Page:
Notice also on that link, that he notes threads on the Track Rod Ends are right and left-hand...this means that to adjust Toe-In, the TR simply needs to be turned* (after loosening jamnuts)...TR Ends do not need to be removed...

HOWEVER, if TR is not centered to the extent that it concerns you, and you wish to change it (this would only concern me if insertion into St Rod was less than about an inch...notice also at that link, that threaded part of Ball Joint is quite long to allow for adjustment, so you may be unnecessarily concerned!), you will need to separate one Ball Joint to turn TR in the direction required...and IF you elect to do this, you should make a reference mark on the Ball Joint ends, carefully measure and record that, so that after reassembly, you can readjust critical Toe-In adjustment to the same exact dimension it was previously.

*...and to make this adjustment, they typically grab the (round) TR with a pipe-wrench, and wrench away, scarring the bejesus out of it...I didn't like that style so much (too rustic for me!), that's why I drilled out a big nut, slipped it over one end of TR, and had it welded in place...now, a proper wrench can be used on the hex, sparing the (painted) TR shaft from insult. Details... Details...

Good Hunting!
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Old Jan 11th, 2017, 13:48   #7
Derek UK
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All good advice from Ron et al. Bottom line is you appear to need a good alignment by someone who can read a machine accurately and perhaps with a bit of sympathy for the system. There is probably no need to pop off one of the ball joints as unwinding the bar will first release the end showing most threads. The bar can then be wound off the other end. Starting the bar on to the threads at both ends will then make them equal and the toe in can then be set as normal with equal threads showing. If the garage is doing this don't take the bar off. If you are just freeing things up mark the bar paint, Tippex or a tape and marker so you can tighten it all up in the same position before taking it to the garage. For interest ask them to write down the numbers before they do any adjusting. Numbers were off the clock (toe-out) on my estate after one of the ball joints was changed even after being careful to count the number of threads. After loosening the lock nuts right back, that also cleans the treads, you usually find that the bar is obstinate and as Ron says things can get a bit brutal. Some bars have flattened section in the middle for a spanner but if not a Stilson works well. You might also need to hold the bar firm to loosen the nuts. Might need a few applications of penetrating oil. Be patient. If you can make sure that the nuts and bar does actually move before you take it in for alignment it will keep the garage man happy, always a good idea. May reduce your bill too. 0.2mm toe-in is a good compromise.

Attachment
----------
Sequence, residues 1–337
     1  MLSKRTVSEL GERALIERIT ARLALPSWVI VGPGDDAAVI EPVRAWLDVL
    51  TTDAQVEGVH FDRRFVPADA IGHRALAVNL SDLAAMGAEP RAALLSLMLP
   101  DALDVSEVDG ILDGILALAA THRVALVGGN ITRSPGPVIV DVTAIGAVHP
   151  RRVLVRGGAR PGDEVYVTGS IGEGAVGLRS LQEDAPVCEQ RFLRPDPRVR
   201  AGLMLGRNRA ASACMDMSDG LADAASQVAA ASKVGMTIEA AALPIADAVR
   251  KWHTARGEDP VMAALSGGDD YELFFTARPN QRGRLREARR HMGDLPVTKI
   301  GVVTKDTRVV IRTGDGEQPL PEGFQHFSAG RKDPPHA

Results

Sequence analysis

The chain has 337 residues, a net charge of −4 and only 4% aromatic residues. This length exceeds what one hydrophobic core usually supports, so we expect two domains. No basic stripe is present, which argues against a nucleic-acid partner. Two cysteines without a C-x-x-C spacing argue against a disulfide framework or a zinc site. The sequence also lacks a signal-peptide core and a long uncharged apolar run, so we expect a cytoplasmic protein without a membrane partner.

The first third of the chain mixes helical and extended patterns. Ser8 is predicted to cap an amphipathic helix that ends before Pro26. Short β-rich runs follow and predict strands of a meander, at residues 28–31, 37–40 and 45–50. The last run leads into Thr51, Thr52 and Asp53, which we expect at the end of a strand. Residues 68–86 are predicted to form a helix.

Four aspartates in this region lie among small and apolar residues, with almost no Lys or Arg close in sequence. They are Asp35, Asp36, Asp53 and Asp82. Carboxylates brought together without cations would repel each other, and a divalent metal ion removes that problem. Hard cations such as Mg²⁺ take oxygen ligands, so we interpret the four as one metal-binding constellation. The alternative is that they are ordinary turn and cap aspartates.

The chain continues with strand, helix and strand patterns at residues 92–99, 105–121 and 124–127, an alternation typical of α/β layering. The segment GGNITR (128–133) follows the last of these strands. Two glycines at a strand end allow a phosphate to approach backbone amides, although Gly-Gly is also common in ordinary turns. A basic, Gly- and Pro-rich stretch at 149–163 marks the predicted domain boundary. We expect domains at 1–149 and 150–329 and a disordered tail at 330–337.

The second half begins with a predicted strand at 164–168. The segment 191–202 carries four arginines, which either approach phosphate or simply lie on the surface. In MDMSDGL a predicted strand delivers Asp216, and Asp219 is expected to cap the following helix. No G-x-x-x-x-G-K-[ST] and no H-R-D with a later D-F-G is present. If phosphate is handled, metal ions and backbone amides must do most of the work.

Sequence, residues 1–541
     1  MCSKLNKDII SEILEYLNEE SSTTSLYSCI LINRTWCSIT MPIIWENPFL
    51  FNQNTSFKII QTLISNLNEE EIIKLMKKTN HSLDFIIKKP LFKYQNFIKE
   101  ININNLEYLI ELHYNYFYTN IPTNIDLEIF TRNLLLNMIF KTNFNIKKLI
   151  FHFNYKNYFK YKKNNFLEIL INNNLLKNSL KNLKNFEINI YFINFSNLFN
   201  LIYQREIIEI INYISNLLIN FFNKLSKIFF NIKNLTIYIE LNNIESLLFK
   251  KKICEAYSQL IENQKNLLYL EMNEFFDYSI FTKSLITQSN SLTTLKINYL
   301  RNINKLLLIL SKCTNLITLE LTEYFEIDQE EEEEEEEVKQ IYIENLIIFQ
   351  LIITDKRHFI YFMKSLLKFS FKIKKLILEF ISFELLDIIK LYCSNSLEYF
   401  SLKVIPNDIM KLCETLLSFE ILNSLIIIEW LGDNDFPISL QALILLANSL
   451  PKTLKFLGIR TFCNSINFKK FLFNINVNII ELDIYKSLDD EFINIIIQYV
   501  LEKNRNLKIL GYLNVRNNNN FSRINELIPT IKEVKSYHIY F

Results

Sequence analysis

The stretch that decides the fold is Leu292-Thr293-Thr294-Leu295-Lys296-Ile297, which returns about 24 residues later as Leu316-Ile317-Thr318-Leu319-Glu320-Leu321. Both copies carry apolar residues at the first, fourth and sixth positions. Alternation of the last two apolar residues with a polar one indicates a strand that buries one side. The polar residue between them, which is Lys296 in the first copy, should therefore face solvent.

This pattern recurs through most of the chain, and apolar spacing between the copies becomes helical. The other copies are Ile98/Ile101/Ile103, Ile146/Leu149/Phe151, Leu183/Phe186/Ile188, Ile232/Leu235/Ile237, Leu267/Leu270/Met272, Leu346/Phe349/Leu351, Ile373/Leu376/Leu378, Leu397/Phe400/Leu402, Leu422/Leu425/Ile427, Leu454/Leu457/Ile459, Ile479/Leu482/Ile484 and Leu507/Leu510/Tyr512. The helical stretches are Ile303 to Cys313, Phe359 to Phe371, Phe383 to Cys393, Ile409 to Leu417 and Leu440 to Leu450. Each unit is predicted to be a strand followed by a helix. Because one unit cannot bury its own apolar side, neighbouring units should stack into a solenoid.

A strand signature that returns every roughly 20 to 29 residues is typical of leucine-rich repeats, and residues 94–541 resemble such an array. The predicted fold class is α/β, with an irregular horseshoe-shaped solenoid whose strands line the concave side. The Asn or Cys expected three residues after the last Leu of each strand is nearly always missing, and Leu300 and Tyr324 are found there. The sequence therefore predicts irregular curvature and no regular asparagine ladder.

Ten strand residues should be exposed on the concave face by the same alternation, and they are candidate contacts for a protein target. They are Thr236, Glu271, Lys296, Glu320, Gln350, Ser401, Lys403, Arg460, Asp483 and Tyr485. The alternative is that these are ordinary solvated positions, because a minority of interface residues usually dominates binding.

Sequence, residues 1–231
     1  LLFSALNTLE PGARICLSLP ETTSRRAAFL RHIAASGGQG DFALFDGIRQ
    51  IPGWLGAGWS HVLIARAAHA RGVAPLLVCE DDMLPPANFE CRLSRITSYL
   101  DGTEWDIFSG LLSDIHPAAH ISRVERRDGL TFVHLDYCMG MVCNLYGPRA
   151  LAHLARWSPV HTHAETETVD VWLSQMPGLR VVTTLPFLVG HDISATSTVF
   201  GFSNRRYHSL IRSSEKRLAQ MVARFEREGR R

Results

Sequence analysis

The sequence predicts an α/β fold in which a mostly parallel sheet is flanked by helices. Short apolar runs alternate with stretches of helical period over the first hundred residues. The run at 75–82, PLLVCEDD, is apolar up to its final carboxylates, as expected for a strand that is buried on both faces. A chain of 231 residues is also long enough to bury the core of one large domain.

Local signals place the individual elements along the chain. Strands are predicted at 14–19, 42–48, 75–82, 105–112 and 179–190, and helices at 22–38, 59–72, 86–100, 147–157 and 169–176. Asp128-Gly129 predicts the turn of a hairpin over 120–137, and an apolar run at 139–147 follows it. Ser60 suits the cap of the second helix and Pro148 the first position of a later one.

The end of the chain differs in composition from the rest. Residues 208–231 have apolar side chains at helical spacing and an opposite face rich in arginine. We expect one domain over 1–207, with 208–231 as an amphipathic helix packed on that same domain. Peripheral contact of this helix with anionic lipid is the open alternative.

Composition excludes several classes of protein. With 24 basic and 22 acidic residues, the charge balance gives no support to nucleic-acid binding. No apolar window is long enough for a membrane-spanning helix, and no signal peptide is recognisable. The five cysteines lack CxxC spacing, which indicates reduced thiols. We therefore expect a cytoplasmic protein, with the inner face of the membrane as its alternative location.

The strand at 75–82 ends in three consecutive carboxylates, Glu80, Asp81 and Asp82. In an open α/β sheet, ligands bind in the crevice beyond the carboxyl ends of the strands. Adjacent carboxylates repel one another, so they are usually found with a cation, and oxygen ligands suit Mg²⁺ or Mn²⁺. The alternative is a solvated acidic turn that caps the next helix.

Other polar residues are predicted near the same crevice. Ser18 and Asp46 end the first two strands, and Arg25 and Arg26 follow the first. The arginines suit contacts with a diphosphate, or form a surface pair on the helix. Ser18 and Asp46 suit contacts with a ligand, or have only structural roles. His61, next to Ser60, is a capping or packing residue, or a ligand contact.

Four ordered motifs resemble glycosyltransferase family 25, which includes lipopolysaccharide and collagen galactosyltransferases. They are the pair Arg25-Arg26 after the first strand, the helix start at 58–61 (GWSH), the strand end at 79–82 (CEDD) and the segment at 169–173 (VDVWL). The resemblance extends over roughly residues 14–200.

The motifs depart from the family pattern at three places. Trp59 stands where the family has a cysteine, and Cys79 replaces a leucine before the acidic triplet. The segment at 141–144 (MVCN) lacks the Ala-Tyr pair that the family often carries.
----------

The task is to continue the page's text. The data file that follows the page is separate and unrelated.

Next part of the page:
If checking the ball joints yourself, get the whole front off the ground, preferably with axle stands under the suspension A arms to put the steering in its middle position. If not ask garage to advise on ball joint condition, including the outer ones. (see diagram) If poor any problems should have been picked up on the last MOT. If replacement is needed, do that before alignment.